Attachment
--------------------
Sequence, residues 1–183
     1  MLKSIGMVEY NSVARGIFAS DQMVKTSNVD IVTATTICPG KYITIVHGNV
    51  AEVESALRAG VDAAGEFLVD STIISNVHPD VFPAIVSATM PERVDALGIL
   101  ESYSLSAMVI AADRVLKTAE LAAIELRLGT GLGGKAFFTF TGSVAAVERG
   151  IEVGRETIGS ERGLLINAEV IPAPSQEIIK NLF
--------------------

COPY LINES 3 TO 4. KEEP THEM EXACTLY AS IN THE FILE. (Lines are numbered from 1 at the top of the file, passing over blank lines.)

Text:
    51  AEVESALRAG VDAAGEFLVD STIISNVHPD VFPAIVSATM PERVDALGIL
   101  ESYSLSAMVI AADRVLKTAE LAAIELRLGT GLGGKAFFTF TGSVAAVERG